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Comment, Opinion

Rethinking June 12

Posted: Jun 9, 2015 at 12:57 am   /   by   /   comments (0)

By Samuel Orovwuje


Let us learn to understand our differences rather than pretend to forget them – Sir Ahmadu Bello

Twenty-two years after the annulment of the June 12, 1993 general elections many Nigerians outside the political struggle must sometimes wonder how Nigerians manage to preserve the existential spirit of perpetual optimism in the midst of inexcusable and sordid disregard for the peoples mandate and those that fought assiduously for democracy.

Indeed we must celebrate NADECO, the umbrella socio- political movement that struggle and campaign for the actualisation of the June 12 people’s mandate and by extension the return of civil rule. More than anything else, their strident call on the military high command and their conniver to give up their game of power for a democratic process is appreciatively first-class for the new dawn. Following constant hardnosed demands from this uncelebrated group and their coalition of civil society counterpart, the country became democratized again in 1999 from the perfidious military regime and many Nigerians had reason to be proud. But the collective aspirations for a people driven constitution is still  far from reality and as the wind of change beckons, the ideals of true federalism and the devolution of powers from the almighty centre at Abuja is suspect.

First, in remembering the dark past of our democratic effort, we must salute the uncommon courage and toughness of Pa Abraham Adesanya, Asiwaju Bola Tinubu, Professor Wole Soyinka, Dr. Akin Akingba, Chief Odigie Oyegun, George Noah, Dayo Johnson, Dele Momodu, Ndubusi Kanu and Dr. Kayode Fayemi and the like to numerous to mention and on the other hand those who agonizingly died in the struggle. May their soul rest with the Lord.

Sadly, too many Nigerians do not know the contributions of NADECO to the evolution of the current democratic experiment that we all cherish, or understand that by virtue of the June 12 and the Abiola Phenomena; Nigeria is where it is today. Of a truth, history plays an important role in the reconciliation of old wounds; but we have refused as a country and a people to build for the future; the political elite and all well meaning progressive particularly the Muhammadu Buhari- led government must look to, and learn from, the past. In my view there has to be a conscious national awareness of the past, acknowledgement of the harm that has been inflicted, atonement for the causes, and action plan to change behaviour in line with the proposed new order. We are not there yet.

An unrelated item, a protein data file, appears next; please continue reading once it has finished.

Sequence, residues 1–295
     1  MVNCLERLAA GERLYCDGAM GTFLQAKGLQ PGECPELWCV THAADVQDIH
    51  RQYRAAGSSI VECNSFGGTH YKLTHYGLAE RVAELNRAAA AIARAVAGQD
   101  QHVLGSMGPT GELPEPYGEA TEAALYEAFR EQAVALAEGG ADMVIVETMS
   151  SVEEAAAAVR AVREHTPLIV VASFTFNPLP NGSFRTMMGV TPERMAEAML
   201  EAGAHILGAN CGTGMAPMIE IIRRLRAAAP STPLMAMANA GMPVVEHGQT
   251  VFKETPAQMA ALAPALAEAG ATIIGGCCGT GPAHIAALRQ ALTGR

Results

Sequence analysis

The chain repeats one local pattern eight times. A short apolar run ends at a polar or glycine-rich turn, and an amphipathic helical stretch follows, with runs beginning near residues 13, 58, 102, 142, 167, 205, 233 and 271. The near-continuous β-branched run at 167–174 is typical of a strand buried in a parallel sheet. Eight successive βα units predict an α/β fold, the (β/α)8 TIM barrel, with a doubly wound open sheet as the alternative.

How do we do this as a country? First, through sharing the personal stories of those involved in the struggle in the public space. Second, education by exposing the truth of what happened and making sure it is never forgotten. Third, the 8th national assembly dominated and populated by the emergent progressives of the All Progressives Congress,APC, must also work assiduously to institutionalize June 12 and its existential values. Fourth, to begin a national process of reconciliation that would set the country on a bold new path, fundamentally changing the very foundations of Nigeria’s political leadership template in tandem with the wishes of people.

In truth, June 12 was a manifestation of the perception of the personality of Chief M.K. Abiola as a genuine national leader that would inspire and provide a critical mass for the realisation of a better Nigeria dream. Similarly, Buhari has shown deep conviction over the years on his desire to return the country from the trench and now he has the opportunity to do just that and he must sustain it wholeheartedly by being fervent about what policy and programmes he wants to achieve in order to inspire Nigerians to follow him and it is hoped that the campaign mantra of Hope 93 which is also resonated with 2015 change mantra campaign will be sustained. But painfully in Nigeria, the more things change, the more they remain same.

Indeed expanding public dialogue and action on nation – building efforts beyond the euphoria of change in government at the centre will be critical in the coming years. Although progress has been made, significant barriers to democratic values and mechanism remain daunting. The APC alternative political platform through which the masses have been mobilised to sustain a new dawn for Nigerians should not be wasted by cheap political opportunism rather we should dwell on democratic behaviour for national peace.

More importantly in my view the new government under the eagle eye of President Buhari must and should initiate what I call a national and affirmative action statement.

Finally, it is hoped that the real change for a new Nigeria lies in the pursuit of honouring the truth, untainted national reconciliation mechanism and the eventual enthronement of institutional integrity that would strap up the values of June 12 movement for a greater today and indeed a better tomorrow that we all can be proud of. Beyond doubt, Nigeria is on the match again and we are waiting for Mr. President.